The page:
Would it be an over-simplification to say there’s been a lot of talk about this whole sparkly pony situation? The responses to its release have been pretty widespread from screaming logical hiccups to squealing delightful joy. However, there hasn’t been a lot of talk about where the heck this thing comes from. Yes, yes, I know. Mei Francis sends it to you. Mei Francis – who somehow is the only person in Azeroth who knows where to find a steady supply of dragons with rare genetic problems – has somehow come into supply of horses that look like Algalon’s sidekick in the WoW 80’s cartoon.
I figured since my specialty seems to come from creating lore for things that have none. (Albeit not always great or accurate lore, but lore nonetheless) I figured I’d take my crack at giving some reasons that role-players and curious parties might want for their new super special awesome pony:
On the Blizzard Store, it mentions that the Celestial Steed comes from the Twisting Nether. Sure. Why not? After all, the twisting nether is just some weird extra dimensional realm that might as well be labeled “Deus Ex Machina” for whatever you want. Where does mage food come from? Twisting nether. Where do warlock demons come from? Twisting Nether. Where do people go when they die? You got it. It’s the WoW version of the old RPG staple of “A Wizard Did It” or “It’s magic.” Not that I can blame Blizzard for using it. They probably got their hands full with coming up with slightly more important lore. Like the end of the fricking world.
Honestly, I was never very happy with this explanation. For one, it seems odd that the same place that is used in the same way as we use “hell” or “heck” and is full of demons could possibly be responsible for bringing forth this pretty pony. Unless it is also a demon. Which it isn’t. Cause then the warlocks would probably complain. However, the netherdrakes are explained to be dragons that were from or created by exposure to the magical and chaotic energies of the Twisting Nether, so why not pretty starry ponies? Honestly, while this is the canonical explanation for their existence given by Blizzard, it reeks of unimaginative defaulting to the easiest explanation.
My favorite explanation for the celestial steeds. It’s not hard to see why you would immediately think of Ulduar when looking at these things. They look like every constellation statue you find in the Ulduar dungeons and raids. In fact a lot of people thought the steed was going to come from Ulduar (possibly as an incentive to finish it? I know my guild just skipped to ToC and ICC after getting one keeper down, and no one wants to go back because the gear is useless now… /sigh), but it turned out you can just buy the pony. But Ulduar does provide an excellent explanation for where the steed comes from.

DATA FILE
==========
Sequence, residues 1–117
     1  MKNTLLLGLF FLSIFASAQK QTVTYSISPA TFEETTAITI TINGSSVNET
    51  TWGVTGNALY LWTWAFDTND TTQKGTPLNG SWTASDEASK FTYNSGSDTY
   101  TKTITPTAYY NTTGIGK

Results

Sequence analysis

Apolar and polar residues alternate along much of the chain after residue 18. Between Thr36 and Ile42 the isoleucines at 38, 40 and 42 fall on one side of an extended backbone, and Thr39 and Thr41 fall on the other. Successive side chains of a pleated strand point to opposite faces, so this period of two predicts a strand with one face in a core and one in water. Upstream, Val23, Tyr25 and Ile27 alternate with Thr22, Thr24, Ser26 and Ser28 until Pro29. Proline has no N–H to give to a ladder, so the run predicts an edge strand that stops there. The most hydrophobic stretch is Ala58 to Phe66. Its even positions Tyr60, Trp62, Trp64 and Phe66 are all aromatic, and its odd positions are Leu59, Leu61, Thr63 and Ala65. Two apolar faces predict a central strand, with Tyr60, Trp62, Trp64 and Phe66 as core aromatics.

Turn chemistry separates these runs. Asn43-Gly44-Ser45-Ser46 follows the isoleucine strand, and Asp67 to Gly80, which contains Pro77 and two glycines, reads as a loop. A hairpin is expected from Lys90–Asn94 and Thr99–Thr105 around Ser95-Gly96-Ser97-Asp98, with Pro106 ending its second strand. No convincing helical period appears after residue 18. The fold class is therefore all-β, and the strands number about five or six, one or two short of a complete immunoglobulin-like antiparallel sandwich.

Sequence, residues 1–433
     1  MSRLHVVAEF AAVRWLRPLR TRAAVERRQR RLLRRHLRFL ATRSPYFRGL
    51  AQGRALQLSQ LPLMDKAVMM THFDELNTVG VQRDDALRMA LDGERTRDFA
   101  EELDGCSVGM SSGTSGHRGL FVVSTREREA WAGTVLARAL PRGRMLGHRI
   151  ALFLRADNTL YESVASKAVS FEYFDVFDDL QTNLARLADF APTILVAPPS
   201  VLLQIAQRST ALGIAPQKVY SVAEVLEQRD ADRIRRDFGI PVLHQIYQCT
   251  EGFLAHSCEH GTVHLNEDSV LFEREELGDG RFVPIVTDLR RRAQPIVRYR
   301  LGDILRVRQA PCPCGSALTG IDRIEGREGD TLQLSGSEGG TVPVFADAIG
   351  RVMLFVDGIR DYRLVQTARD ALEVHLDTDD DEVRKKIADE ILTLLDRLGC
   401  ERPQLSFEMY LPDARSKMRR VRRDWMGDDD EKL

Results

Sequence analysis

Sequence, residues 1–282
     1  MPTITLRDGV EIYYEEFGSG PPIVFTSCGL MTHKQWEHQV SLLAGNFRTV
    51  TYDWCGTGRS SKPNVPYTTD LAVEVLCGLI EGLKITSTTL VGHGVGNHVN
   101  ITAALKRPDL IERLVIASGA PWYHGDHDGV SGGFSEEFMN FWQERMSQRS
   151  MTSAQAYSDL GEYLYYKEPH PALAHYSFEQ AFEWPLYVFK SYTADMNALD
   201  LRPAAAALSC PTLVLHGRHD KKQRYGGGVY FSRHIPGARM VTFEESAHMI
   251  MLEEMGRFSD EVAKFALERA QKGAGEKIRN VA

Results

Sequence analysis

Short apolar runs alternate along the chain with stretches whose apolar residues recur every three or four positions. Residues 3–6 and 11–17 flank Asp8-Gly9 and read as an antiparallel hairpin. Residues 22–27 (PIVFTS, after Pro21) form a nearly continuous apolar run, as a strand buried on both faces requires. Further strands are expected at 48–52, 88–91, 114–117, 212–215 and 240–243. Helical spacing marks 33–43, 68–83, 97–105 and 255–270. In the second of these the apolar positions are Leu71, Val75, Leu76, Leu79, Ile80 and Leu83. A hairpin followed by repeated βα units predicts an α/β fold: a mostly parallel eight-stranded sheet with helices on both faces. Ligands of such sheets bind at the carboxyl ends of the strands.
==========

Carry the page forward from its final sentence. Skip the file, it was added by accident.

After all, in the timeline of the expansion, Yogg-Saron has had his head shoved back into his hole and Algalon averted from sending out his message to the Titans. Ulduar is now free and back under control, perhaps it is time to do some exploring! But didn’t we already see everything that was in Ulduar, Vrykerion? There was no stable of star ponies in there! Well, no. There wasn’t. Not in the areas we explored at least. Ulduar however is huge. Brann Bronzebeard first called it a titan city from initial observations. I can’t imagine we even began to scratch the surface of that place. The Ulduar raid was a direct assault on the heart of the entire facility, but I can’t possibly imagine that was the whole place!
Imagine if Bronzebeard went back into Ulduar after Yogg-Saron had been defeated? While exploring he finds these magnificent beasts flying about in the heart of Ulduar, created by the titans as a means for others to navigate their own massive facilities. Or were unfinished creations of the titans that began to evolve all on their own. Ulduar, being a titan facility, has been on Azeroth since the beginning. That’s well over 10,000 years. I could imagine some unstable creation mutating and evolving deep within in a secluded city. They took on coloring like their surroundings, blending in to the massive constellation statues, and began to fly in order to compensate for the massive structure they were living in. There are lots of possibilities here.